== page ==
Ship stories: how passengers travelled to BC in the gold rush

How did most people come to British Columbia during the gold rush? They came by ship.

Tynemouth 1862

In 1862, Charles Redfern, a passenger on the Tynemouth wrote about some of the problems on board the 1500 ton steamship. They ran into a storm not long after they left England which saw  a cow and several pigs get washed overboard by a big wave. Then the coal passers who had been complaining of bad conditions stopped working altogether. The ship’s captain put them in irons and instructed the travellers to fuel the engines. For an entire month, the male passengers took turns filling wheelbarrows with coal, pushing them to the bunkers while another mutiny erupted and more were put in irons. By this time the ship was in the South Pacific with good trade winds. The steam was shut off and volunteers were called to man the sails.

Just before the ship sailed into the Falkland Islands, she ran into another storm and several large stacks of railway ties and iron tanks broke free of their moorings.

The Tynemouth docked at Esquimalt on September 17, 1862.

Passenger Contract

Everyone on board the Tynemouth was given a ‘passenger contract’ which said that each passenger would be given three quarts of water daily and a weekly allowance of provisions:

5 ¼ lb. Biscuit
½ lb. Soup
1 lb. Preserved Meat
1 ½ lb. Indian beef
½ lb. Preserved & Salt Fish
2 lb. Flour
1 lb. Oatmeal
6 oz. Suet
½ lb. Rice
½ lb. Raisins & Currants
2/3 pint Peas
½ lb. Preserved Potato
1 lb. Raw sugar
1 3/4 lb. Tea
3 ½ lb. Coffee
6 oz. butter
2 oz. salt
½ oz. mustard
¼ oz. pepper
1 gill vinegar*
6 oz. lime juice
21 qts. water

“When Fresh Beef is issued, 1 lb. to each Adult per day will be allowed; there will be no Flour, Raisins, Peas, Suet or Vinegar, during the issue of Fresh Meat. 1 lb. of Fresh Potatoes may be substituted for ¼ lb. Preserved Potatoes.”

Third class passengers were given rations and they were expected to prepare their own meals. They were allowed to cook their meal in the galley. The cook supplied hot water for tea, coffee, or drinking purposes.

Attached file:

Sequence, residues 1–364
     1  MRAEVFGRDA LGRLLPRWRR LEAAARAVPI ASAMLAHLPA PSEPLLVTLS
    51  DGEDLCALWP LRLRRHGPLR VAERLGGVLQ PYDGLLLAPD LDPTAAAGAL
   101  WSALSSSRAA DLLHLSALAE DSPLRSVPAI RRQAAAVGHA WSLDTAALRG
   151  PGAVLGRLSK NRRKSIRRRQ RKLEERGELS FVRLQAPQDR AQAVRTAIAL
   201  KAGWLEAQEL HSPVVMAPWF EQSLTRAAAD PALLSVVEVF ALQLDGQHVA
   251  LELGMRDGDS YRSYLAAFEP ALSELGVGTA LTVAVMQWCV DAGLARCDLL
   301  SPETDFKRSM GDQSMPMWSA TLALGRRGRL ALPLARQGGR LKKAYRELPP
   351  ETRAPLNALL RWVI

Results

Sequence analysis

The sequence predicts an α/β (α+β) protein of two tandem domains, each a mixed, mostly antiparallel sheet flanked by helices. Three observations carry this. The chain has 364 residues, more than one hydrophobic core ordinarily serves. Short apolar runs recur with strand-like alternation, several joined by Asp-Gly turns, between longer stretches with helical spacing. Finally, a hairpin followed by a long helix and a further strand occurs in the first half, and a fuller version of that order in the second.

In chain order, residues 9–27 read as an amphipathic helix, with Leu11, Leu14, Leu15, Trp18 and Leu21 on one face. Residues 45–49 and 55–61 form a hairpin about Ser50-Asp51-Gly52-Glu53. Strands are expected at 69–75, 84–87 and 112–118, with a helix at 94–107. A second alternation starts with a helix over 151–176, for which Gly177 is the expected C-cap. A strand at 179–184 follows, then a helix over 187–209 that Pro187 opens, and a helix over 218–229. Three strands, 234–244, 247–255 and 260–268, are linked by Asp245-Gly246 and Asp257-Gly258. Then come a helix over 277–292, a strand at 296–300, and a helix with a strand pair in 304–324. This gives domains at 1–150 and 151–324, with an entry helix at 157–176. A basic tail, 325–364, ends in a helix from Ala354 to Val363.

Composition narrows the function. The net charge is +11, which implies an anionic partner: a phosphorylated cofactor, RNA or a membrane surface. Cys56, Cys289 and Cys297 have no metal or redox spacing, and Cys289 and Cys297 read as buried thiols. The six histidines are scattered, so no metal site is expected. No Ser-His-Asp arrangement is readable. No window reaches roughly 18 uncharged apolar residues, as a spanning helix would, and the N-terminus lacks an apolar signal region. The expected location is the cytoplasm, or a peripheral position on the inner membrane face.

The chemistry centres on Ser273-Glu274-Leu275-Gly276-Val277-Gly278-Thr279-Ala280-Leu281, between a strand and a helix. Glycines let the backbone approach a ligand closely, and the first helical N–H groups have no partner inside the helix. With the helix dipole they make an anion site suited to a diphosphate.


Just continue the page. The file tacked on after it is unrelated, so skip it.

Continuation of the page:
Thames City 1858

The clipper ship, Thames City, carried 118 Sappers (Royal Engineers), 31 women and 34 children on board. The Thames City had a better voyage (no mutinies and no one in irons) but it was still arduous. This group of Royal Engineers and their families left England on October 10, 1858 and arrived in Esquimalt via Cape Horn on April 12, 1859 after a voyage lasting 187 days. They formed a band and held plays on board. They also brought with them a printing press used to produce a weekly publication, “The Emigrant Soldier’s Gazette and Cape Horn Chronicle” read aloud each Saturday evening.

The final edition of the Gazette included a “Farewell Ditty” that described conditions on board:

Farewell thick biscuits and thin pea soup,
Farewell the suet, grog, and junk,
One was weak, the other stunk.
Farewell to the hen coop, and lonely duck,
Farewell to Longboat Square and muck,
Farewell to Laundry Lane and Galleys,
We’ll cook our grub in glades and valleys…

Farewell to hammocks, farewell to the clews,
Farewell to the would-be Irish stews,
Farewell to the cockroaches and thieving cats,
And a long farewell to those horrible rats.


Note: a “gill” (pronounced jill) is a quarter of a pint. See my post on grog (a mixture of rum and water). “Junk” refers to salt beef or meat. “Clews” are the cords by which hammocks are suspended.